June 26, 2020
Final regulations allow RIC shareholders a 199A deduction for qualified REIT Dividends
The IRS and Treasury finalized regulations (TD 9899) on June 24, 2020, allowing shareholders of Regulated Investment Companies (RICs) an IRC Section 199A deduction for qualified Real Estate Investment Trust (REIT) dividends. The final regulations are substantially the same as the proposed regulations published on February 8, 2019.
RICs are not eligible for an IRC Section 199A deduction, as they are taxed as corporations. Instead, the regulations allow a RIC to pass through the deduction to shareholders, who may be eligible to claim a deduction on their personal returns, provided they held the RIC stock for the required 45-day holding period.
Qualified REIT dividends are dividends that are not capital gain dividends and are not qualified dividend income. Qualified REIT dividends also exclude dividends from REIT shares that do not meet the required holding period or for which the RIC is obligated to make related payments with respect to positions of substantially similar or related property.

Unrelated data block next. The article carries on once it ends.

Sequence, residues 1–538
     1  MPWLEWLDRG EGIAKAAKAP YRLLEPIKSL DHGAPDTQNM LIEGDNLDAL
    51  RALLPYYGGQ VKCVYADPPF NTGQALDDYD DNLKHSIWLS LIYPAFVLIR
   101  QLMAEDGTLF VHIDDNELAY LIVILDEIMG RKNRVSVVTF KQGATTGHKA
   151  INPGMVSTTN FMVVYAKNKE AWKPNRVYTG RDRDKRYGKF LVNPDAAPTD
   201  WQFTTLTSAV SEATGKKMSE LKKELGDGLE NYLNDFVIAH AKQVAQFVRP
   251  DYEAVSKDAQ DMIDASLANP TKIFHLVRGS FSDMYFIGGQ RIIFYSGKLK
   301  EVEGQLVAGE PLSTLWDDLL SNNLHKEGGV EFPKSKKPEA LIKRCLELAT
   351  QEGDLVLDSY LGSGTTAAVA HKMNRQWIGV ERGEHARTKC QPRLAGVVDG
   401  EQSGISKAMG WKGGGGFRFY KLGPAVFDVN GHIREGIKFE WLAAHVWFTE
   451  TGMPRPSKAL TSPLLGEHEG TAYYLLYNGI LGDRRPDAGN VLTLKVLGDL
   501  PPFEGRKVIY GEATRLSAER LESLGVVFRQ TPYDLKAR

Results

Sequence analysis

The Preamble to the regulations noted that the IRS and Treasury received comments recommending this conduit treatment be extended to qualified PTP income earned by a RIC. They also received comments suggesting conduit treatment be extended to partnerships and S corporations that would generate qualified business income. The final regulations do not adopt this treatment, and the Treasury and IRS stated they would continue to evaluate whether it is appropriate and practical to provide conduit treatment for qualified PTP income or other RIC income to further the purposes of IRC Section 199A(b)(1)(B).
The final regulations are effective for tax years beginning after August 24, 2020. Taxpayers may choose to apply the final regulations or, alternatively, may choose to rely on the February 2019 proposed regulations for tax years beginning on or before August 24, 2020.
RICs that did not pay an IRC Section 199A dividend in the prior year, or did not otherwise follow the proposed/final regulations, may want to consider these rules further and the cost/benefit to their shareholders.